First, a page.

Traffic in Inner London

This chart shows motor-traffic volumes on main roads (A roads) in inner London. The data is from the DfT’s traffic counts for 2012, with junction codings made consistent (not a trivial task).

There are huge traffic flows to the west, using the two big roads (the A4 and the A40). If you provide big fast roads, they fill with traffic (which then needs somewhere to park). Other parts of inner London, notably to the north, manage with roads that are nowhere near as big. Quite a lot of this traffic is unnecessary.

The second observation is that flows can vary quite substantially along a route. Much of the traffic is short-distance: avoid falling into the trap of thinking that there’s lots of long-distance traffic that needs through routes. Most journeys from outer to central London are by rail, not road. This effect can also be seen in the way that flows diminish away from the big roads. Inner London has excellent public transport, and unless there’s a quasi-motorway, most people will avoid driving for any distance.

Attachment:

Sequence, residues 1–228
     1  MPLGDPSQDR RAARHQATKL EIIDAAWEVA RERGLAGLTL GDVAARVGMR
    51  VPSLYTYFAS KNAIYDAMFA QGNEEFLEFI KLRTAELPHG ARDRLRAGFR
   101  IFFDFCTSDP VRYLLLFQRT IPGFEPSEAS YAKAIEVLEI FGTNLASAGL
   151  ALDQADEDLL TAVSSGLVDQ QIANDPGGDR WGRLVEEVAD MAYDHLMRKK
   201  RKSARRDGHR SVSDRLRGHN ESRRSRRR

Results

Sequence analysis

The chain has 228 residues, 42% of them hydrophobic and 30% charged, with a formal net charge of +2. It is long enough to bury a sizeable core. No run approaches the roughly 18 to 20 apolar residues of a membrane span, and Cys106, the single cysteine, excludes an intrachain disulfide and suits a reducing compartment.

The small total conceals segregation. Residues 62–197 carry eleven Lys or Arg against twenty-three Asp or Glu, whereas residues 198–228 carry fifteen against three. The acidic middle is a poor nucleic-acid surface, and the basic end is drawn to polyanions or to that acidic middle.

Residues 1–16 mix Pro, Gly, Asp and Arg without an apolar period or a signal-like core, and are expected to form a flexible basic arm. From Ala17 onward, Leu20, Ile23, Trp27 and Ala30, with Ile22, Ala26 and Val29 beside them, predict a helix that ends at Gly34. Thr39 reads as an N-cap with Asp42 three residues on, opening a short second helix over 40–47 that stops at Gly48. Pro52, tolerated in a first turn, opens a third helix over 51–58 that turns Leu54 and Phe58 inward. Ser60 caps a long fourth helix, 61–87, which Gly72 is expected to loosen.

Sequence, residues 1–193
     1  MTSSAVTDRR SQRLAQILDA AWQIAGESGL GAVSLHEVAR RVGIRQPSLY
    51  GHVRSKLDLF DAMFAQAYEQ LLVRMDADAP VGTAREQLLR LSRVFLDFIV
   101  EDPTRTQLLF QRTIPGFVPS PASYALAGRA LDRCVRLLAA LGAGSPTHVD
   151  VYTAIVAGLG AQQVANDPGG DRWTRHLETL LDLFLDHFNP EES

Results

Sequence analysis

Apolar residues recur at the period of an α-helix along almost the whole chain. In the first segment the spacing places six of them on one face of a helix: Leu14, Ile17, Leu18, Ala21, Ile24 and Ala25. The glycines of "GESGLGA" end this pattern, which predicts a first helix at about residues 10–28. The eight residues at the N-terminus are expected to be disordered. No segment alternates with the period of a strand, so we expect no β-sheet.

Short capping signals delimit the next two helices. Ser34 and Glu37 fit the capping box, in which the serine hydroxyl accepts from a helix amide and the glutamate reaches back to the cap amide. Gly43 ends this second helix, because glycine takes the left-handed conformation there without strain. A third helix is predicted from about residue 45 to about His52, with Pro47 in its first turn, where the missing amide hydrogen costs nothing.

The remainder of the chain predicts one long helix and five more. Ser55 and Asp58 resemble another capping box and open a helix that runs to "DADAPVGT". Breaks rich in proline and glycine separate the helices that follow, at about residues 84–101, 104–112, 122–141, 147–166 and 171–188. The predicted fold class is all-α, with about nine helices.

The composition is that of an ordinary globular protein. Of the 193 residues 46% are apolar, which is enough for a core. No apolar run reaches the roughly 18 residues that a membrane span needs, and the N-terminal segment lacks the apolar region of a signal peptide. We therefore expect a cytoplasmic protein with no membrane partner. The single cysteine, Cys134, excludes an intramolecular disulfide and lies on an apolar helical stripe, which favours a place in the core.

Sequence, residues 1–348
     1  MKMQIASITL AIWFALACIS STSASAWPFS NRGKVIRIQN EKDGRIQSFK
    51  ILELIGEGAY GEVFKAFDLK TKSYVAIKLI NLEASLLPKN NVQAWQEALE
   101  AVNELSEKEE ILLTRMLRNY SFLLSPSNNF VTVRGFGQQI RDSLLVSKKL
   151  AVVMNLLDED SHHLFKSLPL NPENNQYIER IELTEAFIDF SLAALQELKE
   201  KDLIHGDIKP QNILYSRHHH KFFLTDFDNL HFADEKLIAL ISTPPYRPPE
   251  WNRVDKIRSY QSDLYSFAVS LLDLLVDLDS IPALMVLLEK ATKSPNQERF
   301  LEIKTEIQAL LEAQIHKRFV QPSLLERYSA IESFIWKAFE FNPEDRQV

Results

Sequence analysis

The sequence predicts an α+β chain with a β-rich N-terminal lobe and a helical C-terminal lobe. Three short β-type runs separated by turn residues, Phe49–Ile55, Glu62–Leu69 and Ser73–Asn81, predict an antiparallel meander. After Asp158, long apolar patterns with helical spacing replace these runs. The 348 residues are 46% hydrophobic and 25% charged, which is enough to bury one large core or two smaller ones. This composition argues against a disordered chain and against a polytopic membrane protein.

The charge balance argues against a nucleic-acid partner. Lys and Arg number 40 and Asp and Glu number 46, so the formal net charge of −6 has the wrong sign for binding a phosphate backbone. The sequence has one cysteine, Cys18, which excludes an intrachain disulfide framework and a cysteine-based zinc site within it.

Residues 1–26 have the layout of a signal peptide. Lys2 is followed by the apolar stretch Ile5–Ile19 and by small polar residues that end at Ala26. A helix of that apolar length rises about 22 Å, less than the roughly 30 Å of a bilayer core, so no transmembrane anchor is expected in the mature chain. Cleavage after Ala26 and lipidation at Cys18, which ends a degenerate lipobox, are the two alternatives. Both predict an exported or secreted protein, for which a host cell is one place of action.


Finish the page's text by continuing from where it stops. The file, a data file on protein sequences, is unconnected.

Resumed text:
The policy implications of this are well-known: traffic will disappear if you reduce roadspace. In north London, traffic could be suppressed further, for instance by removing general traffic from Camden High Street. If conditions for the on-street alternatives (buses, walking, bikes) are improved at the same time, all the better. In south London, the A road network could be simplified. Would it perhaps even be better to concentrate traffic on the Embankment, rather than creating a network of nasty junctions in Lambeth and Southwark?

Normalising Cycling in Inner London

Cycling in London is peculiar. It is characterised by commuting several miles into central London. LCN+ and the Superhighways have – in different ways – both been aimed at providing for this middle-distance commuting market, partly to help relieve overcrowding on the tube. Unfortunately, these routes are often incomplete, or compromised. Key junctions remain risky, especially in central London, and inner south and east London. Fixing these junctions is proving very difficult, due to the volume of traffic using them.

While this type of middle-distance cycling is certainly found in the Netherlands or Denmark (or in Oxford or Cambridge) it is not the norm in those places. Normal cycling is short-distance, little more than a mile or two, and includes a wide range of journey purposes. Commuting only accounts for a quarter of journeys – there are more trips for shopping than commuting.